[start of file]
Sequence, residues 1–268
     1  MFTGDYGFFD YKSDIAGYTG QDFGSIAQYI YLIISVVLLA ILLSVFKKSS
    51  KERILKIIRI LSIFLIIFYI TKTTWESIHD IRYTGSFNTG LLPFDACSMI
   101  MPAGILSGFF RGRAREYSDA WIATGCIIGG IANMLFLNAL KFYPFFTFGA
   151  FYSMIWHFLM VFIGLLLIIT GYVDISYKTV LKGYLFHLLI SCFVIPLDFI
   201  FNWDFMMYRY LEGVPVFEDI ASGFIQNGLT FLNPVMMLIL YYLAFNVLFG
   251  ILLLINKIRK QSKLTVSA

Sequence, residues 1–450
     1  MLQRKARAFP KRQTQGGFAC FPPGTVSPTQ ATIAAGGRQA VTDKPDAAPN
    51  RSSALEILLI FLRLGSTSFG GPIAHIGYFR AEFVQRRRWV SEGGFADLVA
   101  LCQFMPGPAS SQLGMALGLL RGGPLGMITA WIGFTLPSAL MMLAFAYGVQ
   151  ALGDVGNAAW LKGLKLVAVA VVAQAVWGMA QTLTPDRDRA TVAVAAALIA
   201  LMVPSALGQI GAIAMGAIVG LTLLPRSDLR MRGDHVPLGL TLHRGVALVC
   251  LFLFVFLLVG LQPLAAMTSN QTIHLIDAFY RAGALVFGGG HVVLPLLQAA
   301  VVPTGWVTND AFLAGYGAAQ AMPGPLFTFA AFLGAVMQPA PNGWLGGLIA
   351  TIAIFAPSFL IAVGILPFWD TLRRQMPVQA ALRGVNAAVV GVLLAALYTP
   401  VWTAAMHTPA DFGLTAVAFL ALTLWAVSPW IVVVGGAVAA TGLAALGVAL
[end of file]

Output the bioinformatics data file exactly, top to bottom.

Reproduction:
Sequence, residues 1–268
     1  MFTGDYGFFD YKSDIAGYTG QDFGSIAQYI YLIISVVLLA ILLSVFKKSS
    51  KERILKIIRI LSIFLIIFYI TKTTWESIHD IRYTGSFNTG LLPFDACSMI
   101  MPAGILSGFF RGRAREYSDA WIATGCIIGG IANMLFLNAL KFYPFFTFGA
   151  FYSMIWHFLM VFIGLLLIIT GYVDISYKTV LKGYLFHLLI SCFVIPLDFI
   201  FNWDFMMYRY LEGVPVFEDI ASGFIQNGLT FLNPVMMLIL YYLAFNVLFG
   251  ILLLINKIRK QSKLTVSA

Sequence, residues 1–450
     1  MLQRKARAFP KRQTQGGFAC FPPGTVSPTQ ATIAAGGRQA VTDKPDAAPN
    51  RSSALEILLI FLRLGSTSFG GPIAHIGYFR AEFVQRRRWV SEGGFADLVA
   101  LCQFMPGPAS SQLGMALGLL RGGPLGMITA WIGFTLPSAL MMLAFAYGVQ
   151  ALGDVGNAAW LKGLKLVAVA VVAQAVWGMA QTLTPDRDRA TVAVAAALIA
   201  LMVPSALGQI GAIAMGAIVG LTLLPRSDLR MRGDHVPLGL TLHRGVALVC
   251  LFLFVFLLVG LQPLAAMTSN QTIHLIDAFY RAGALVFGGG HVVLPLLQAA
   301  VVPTGWVTND AFLAGYGAAQ AMPGPLFTFA AFLGAVMQPA PNGWLGGLIA
   351  TIAIFAPSFL IAVGILPFWD TLRRQMPVQA ALRGVNAAVV GVLLAALYTP
   401  VWTAAMHTPA DFGLTAVAFL ALTLWAVSPW IVVVGGAVAA TGLAALGVAL